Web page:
ALAN MOORE:  ..so, he’d sort of lost it and eaten the tulips –

DAVID ERDOS:  Perhaps as a way to feel better?

ALAN MOORE:  I knew that he also, when he was down at my Gran’s house on Green Street – she used to have two mirrors on opposite walls and he became convinced that these were two windows looking into the rooms of the terraced houses and that you could see in these rooms the various patriarchs and that if he waved they would all wave back to him –

DAVID ERDOS:  How long had you been aware of all these strands?

ALAN MOORE:  These were stories, some of them, that I’d known since childhood and some I’ve come across later. There was also the family tradition that every Christmas, my Nan would get the entire family into the front room and would take down a pristine china pisspot from the wall and would fill it with a foul concoction of various spirits and then the whole family would pass around the pisspot drinking these interesting blends of whiskey, rum and everything else; Looney Soup! This is like discovering they were cannibals!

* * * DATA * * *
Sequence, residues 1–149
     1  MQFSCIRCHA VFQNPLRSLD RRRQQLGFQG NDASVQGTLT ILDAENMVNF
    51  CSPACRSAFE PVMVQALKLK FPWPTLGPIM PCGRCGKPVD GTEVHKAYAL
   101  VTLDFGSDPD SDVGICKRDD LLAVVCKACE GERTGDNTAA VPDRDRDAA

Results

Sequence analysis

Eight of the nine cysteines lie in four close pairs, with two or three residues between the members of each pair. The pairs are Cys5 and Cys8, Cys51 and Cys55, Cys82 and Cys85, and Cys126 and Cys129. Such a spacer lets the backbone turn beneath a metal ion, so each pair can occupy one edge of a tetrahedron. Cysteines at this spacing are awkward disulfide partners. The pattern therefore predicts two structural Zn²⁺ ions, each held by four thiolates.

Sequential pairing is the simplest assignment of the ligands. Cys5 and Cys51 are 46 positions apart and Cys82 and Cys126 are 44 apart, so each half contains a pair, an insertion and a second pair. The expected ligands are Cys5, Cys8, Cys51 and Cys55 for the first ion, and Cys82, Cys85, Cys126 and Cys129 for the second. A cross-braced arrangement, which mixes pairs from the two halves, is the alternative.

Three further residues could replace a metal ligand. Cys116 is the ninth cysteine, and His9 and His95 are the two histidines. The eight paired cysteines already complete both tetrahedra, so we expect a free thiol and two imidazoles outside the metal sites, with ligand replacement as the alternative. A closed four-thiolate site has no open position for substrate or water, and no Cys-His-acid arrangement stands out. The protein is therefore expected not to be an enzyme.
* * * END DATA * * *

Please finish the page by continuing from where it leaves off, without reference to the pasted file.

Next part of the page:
DAVID ERDOS:  Invocation of the highest order. A magic ritual!

ALAN MOORE:  Its monstrous. And Deathmongers of course, I’m assuming that they called them that since it became inadvisable to call them by their other name. Because women who helped with birth – most of the witches who were hung and burnt, were midwives, so Deathmonger was a term that was brought in strategically to replace the term Witch, or Wisewoman. This was the 1940’s.

DAVID ERDOS:  And yet it’s the only necessary function.

ALAN MOORE:  Absolutely.